There are things in life that are right and wrong. Things that are stupid and smart, and actions have consequences. We’ve gotten so bloody PC that you can’t say anything about anything and it has led us into this, “I don’t like it, but it’s ok for you.” No, I’m over it. I tolerate someone’s stupidity, that does not mean I agree with it or even actually that think that would be smart on Mars or something.
    Am I frustrated at woman for seeming to be so idiotic to think that by spreading their legs their empowering themselves? Yes! But don’t think that does not mean I leave men out of responsibility. I have put up with men that thought looking at Playboy, Penthouse, and lad’s rags (Maxim) were perfetly fine. I have put up with men over a lot of things that current society dictates says is now PC. No!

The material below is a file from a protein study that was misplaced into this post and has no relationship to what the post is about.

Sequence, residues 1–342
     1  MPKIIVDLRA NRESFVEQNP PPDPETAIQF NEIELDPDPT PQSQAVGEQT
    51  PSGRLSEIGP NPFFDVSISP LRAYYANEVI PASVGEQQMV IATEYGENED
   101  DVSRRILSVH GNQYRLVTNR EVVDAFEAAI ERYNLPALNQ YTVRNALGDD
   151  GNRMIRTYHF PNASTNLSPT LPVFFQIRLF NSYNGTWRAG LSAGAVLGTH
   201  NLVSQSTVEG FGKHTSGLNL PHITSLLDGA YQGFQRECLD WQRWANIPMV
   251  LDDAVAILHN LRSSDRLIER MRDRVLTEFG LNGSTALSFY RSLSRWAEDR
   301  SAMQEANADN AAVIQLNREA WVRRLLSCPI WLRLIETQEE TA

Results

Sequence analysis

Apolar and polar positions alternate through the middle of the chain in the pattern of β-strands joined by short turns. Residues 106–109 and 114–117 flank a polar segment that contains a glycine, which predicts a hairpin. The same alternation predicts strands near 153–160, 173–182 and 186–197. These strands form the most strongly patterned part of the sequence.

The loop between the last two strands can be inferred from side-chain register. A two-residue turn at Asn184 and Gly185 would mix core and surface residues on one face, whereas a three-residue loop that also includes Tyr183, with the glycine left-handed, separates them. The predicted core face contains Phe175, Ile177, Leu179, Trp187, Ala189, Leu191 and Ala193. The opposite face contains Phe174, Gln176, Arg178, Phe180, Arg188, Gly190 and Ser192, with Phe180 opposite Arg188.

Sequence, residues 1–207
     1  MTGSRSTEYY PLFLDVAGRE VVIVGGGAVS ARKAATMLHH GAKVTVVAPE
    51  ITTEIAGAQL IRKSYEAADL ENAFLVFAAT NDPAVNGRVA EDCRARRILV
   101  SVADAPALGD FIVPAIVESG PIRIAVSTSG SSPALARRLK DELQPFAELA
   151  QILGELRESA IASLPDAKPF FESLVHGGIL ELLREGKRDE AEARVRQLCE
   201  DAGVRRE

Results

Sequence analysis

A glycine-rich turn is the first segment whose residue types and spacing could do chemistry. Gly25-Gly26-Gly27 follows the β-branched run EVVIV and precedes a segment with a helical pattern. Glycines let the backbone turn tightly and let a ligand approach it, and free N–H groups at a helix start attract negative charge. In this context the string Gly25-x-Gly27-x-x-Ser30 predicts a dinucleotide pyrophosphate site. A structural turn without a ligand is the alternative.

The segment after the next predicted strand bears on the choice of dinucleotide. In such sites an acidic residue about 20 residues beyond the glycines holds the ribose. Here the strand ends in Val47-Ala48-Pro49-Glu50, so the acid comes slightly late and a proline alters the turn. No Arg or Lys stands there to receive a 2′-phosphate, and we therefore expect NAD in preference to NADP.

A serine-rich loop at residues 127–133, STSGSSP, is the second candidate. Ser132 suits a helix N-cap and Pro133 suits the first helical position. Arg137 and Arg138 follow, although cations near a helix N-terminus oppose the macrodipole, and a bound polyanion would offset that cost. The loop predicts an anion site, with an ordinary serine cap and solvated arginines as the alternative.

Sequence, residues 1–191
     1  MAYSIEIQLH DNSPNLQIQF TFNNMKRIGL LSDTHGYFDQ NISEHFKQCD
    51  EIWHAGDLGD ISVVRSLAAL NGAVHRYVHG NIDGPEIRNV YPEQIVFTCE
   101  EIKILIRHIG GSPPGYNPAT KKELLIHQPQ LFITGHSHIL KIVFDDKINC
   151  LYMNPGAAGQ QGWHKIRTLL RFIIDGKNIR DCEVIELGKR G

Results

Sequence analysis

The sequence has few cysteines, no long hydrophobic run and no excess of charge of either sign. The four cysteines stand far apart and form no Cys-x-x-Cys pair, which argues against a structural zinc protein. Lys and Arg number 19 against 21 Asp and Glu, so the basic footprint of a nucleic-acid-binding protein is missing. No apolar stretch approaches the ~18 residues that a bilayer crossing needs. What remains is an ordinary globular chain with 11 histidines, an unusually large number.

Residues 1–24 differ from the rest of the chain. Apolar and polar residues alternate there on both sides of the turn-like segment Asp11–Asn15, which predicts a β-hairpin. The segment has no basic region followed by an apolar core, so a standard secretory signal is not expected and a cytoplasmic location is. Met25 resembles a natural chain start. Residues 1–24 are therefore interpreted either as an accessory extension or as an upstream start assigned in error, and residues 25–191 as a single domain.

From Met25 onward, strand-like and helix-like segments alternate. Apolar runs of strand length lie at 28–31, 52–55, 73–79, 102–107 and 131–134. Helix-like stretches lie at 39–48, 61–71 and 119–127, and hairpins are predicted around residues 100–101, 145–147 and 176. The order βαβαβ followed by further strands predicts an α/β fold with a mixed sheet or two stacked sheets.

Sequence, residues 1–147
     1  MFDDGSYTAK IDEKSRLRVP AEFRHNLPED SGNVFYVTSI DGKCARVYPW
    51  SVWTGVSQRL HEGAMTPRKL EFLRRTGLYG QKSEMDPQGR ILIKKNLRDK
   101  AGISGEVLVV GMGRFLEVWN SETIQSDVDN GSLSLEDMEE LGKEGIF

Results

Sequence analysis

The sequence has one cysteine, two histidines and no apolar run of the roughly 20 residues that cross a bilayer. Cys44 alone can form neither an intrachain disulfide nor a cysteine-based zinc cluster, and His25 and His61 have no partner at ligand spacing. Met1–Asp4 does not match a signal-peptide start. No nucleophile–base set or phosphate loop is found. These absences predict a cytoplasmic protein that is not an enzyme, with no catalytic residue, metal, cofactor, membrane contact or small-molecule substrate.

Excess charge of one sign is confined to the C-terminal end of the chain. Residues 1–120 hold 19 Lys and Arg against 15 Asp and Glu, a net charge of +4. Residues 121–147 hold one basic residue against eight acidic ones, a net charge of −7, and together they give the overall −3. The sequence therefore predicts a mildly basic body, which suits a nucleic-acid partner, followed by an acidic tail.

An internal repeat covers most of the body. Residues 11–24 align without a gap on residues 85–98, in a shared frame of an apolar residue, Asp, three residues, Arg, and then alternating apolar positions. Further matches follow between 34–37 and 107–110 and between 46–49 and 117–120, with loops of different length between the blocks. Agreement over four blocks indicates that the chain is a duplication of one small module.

Virgin-whore standard? I stated that I felt she was idiot, and would have no respect for her. If she were a lawyer, fine. Be an idiot. But, with her working with kids is not acceptable. And realize greatly that our children are not so innocent… When did it become acceptable to just throw up our hands and say, “Kids aren’t innocent anymore,” and not fight and show some outrage that kids should still be kids?
    You want to present yourself as a slut, ok. But don’t think that you are this higher being because you make a living by selling yourself essentially. People don’t respect you, women resent you, and men find your issue to be 30-seconds of jack-off material. I think we need to get irritated at both things… don’t think you need to show your body to get respect, and knock some men upside the head that think they can think of people as pieces of furniture.

  37. mk says:

    If our culture wasn’t so puritanical about the nude body, we would not also fetichize the nude body a la play boy. We need to get over this fear of sexuality and nudity in order for misogynists to stop capitalizing on it.